· a 1 page letter stating the reasons for the nomination

· the artist’s CV

· 10-20 images in JPEG format only (no slides or photographs will be accepted), OR 10-20 minutes of video on VHS tape or DVD for video art and real-time art documentation (1 minute of video equals 1 still image/JPEG). Original artwork will not be accepted.

Note: you may choose to include no more than three additional pieces of support material (press clippings, reviews, critical writing, catalogues, etc.).

  1. Winners will be selected by an awards jury comprised of three visual arts professions representing the provincial and the national perspectives. A shortlist of finalists will be announced in advance, and the winners will be announced at an awards gala in May 30, 2007 at The Rooms.

Send nominations to:

EVA Awards

Visual Artists Newfoundland and Labrador (VANL-CARFAC)

Devon House

59 Duckworth Street, 3rd Floor

St. John's, NL, Canada A1C 1E6


Nominations will be open to all permanent residents of Newfoundland and Labrador who have resided in the province for at least 12 months previous. Visual artists must be professionals as defined by the International Association of Art and adopted by the Canadian Artists’ Representation (CARFAC). Note: VANL Board members are not eligible for nominations.

*For The Large Year Award, the jury will be considering a Newfoundland & Labrador artist’s activities for the preceding calendar year, from January 1 to December 31.

Thursday, April 12, 2007

Please Join Michael Crummey, Jane Urquhart, Peter Wilkins and myself for a panel discussion at the Rooms.

Saturday April 21st 2007.


The topic: Portraiture.

Admission: FREE, with regular admission ($5) to the Rooms, or VANL membership.

Friday, March 16, 2007

Michelle Stamp's Portraits at RCA

Newfoundland celebrities are like herpes. Always there. No cure. I’ve always thought the incredible number of them was due to a kind of nationalism that exists here; that we feel the need to produce stars in this province to rival what goes on in Canada and America. Call it a cultural inferiority complex.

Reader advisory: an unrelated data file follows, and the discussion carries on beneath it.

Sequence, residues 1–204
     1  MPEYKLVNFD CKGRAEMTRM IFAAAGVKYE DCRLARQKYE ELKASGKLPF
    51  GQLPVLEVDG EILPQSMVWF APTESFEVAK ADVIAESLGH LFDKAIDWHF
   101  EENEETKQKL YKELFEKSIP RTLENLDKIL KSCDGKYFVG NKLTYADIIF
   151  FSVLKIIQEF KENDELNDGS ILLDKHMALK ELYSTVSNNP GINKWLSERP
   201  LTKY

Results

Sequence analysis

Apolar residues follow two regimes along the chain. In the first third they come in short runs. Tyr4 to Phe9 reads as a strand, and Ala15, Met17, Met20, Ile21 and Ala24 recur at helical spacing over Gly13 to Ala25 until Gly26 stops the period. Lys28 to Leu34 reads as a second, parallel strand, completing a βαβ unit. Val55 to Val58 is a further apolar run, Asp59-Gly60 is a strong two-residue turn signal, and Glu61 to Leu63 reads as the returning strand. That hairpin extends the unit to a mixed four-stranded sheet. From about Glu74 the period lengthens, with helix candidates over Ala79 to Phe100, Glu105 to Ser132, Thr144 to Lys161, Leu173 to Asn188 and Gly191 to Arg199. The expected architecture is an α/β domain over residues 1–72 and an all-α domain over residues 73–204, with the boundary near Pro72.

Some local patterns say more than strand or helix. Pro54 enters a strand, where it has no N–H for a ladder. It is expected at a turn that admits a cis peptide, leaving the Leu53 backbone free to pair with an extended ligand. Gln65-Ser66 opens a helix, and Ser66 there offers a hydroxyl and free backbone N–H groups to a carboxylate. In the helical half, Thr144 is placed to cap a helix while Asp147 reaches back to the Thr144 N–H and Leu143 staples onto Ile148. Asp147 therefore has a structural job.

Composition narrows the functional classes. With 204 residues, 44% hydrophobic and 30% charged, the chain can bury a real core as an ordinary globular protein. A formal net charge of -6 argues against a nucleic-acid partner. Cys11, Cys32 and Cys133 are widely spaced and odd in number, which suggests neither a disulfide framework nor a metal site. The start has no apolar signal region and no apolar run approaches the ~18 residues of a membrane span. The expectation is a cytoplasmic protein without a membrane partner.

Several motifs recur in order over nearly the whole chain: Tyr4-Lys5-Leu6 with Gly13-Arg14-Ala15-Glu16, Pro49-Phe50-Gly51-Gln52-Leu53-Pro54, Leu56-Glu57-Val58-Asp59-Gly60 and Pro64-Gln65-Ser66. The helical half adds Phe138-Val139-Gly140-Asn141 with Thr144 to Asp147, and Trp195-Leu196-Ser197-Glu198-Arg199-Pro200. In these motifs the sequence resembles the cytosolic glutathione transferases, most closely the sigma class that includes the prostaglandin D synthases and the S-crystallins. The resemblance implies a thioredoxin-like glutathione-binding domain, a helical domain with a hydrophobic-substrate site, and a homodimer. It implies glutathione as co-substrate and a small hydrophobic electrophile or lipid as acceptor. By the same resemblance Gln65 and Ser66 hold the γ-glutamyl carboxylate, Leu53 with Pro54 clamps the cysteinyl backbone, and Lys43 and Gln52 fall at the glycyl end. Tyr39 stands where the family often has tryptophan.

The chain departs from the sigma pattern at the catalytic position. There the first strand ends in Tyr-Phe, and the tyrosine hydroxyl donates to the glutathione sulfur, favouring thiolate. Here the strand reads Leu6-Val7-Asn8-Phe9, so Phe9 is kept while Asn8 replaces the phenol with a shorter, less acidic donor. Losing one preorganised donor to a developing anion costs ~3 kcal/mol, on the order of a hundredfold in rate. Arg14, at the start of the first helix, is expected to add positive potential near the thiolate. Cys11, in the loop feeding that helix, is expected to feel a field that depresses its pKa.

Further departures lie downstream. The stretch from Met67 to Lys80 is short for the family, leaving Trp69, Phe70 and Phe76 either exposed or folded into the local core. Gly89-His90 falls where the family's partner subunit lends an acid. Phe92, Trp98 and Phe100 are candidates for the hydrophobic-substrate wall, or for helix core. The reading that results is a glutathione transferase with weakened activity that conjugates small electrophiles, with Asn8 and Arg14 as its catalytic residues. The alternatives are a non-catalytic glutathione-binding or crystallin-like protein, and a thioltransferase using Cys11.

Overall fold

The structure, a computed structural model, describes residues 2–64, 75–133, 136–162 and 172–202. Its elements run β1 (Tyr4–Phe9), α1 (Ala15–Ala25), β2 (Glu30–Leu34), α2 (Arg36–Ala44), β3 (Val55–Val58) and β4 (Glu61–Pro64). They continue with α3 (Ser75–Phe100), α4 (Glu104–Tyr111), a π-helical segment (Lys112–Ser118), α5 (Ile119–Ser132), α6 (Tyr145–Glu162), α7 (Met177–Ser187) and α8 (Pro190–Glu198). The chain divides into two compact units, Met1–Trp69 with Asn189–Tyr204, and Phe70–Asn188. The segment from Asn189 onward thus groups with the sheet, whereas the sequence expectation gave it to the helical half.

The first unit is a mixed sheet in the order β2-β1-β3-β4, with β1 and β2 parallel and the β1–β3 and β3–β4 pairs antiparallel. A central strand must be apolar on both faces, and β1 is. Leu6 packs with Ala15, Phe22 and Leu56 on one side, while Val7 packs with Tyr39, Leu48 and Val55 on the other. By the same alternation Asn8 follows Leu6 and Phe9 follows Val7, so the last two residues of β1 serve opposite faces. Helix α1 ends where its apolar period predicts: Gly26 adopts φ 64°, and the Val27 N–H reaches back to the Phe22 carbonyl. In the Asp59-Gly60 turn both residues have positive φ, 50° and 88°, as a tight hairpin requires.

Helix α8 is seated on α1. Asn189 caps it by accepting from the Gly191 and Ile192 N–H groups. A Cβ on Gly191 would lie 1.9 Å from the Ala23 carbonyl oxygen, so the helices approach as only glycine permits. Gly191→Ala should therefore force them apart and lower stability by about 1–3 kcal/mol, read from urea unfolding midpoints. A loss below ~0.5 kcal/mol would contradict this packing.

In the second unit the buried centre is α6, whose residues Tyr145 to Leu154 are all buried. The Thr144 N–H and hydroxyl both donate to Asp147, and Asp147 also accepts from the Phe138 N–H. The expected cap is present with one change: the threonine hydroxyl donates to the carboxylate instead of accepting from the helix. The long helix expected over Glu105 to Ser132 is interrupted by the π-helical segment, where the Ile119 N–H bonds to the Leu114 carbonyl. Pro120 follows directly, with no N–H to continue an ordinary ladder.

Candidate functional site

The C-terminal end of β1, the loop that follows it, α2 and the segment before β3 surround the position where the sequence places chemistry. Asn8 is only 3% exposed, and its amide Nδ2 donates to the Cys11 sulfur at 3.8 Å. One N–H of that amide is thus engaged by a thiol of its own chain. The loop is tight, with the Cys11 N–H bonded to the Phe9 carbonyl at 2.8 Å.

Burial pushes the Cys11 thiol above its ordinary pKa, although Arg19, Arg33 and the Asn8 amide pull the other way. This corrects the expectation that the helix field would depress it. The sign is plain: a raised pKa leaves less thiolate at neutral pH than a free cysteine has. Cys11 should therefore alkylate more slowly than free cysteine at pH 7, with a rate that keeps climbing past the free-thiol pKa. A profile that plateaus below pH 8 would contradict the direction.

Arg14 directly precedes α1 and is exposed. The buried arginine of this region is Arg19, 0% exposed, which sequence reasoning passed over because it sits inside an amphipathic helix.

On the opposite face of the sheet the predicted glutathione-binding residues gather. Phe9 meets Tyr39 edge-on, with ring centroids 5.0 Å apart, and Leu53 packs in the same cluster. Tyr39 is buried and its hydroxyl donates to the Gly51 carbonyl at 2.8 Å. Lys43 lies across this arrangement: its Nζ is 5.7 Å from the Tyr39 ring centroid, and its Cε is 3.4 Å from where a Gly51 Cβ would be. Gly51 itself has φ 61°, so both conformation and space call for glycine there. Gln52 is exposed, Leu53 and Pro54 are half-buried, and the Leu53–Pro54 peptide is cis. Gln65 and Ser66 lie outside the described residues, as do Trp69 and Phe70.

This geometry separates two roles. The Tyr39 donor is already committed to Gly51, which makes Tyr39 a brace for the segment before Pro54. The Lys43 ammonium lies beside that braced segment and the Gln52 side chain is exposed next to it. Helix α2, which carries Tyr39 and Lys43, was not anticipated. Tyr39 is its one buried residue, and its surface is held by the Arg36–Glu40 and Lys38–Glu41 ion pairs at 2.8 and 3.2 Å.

Once upon a time, I’d never heard of Joel Hynes. I’d never heard of the Novaks. Who the hell was Ed Kavanaugh? The name Paddy Daly had absolutely no meaning for me. I had a fuzzy recollection of Gerald Squires, who, for some reason, lived in a lighthouse for a while.

Even the CODCO crowd were a dimly lit pantheon who I vaguely remembered my parents finding outrageously entertaining.

Halifax has its own constellation of locals who, for various reasons, garner a kind of celebrity of their own: Joel Plaskett, Buck 65, the Trailer Park Boys, and others. In the six years I spent there in art school and bartending, I cannot think of a single time when any of the numerous local luminaries were featured in any way in a visual art exhibition.

Six years, people.

Six years and not once in all that time did any of the local galleries have a show entitled anything close to Portraits of a Bunch of People I Know Whom You Also Know Because, Hey, They’re Celebs, At Least Around Here, That Is.

But it’s a curious thing that in the last year in St. John’s there have been no fewer than four exhibitions based solely on the allure of the ­local celebrity. Kent Barrett, Cathia Finkel, Eastern Edge gallery’s Click! fundraiser, and now Michele Stamp’s graphite drawings at the Resource Centre for the Arts gallery.

I sometimes wonder if—like in a conceptual piece—local artists and audiences wouldn’t be better served by simply having celebrities’ names printed out and framed instead of having the artist go through the trouble of composing the image. That way, you could just read Paddy Daly’s name and then picture him with your mind’s eye, hosting his television show or whatever, chatting away in that most charming, downhome, Newfoundland accent of his.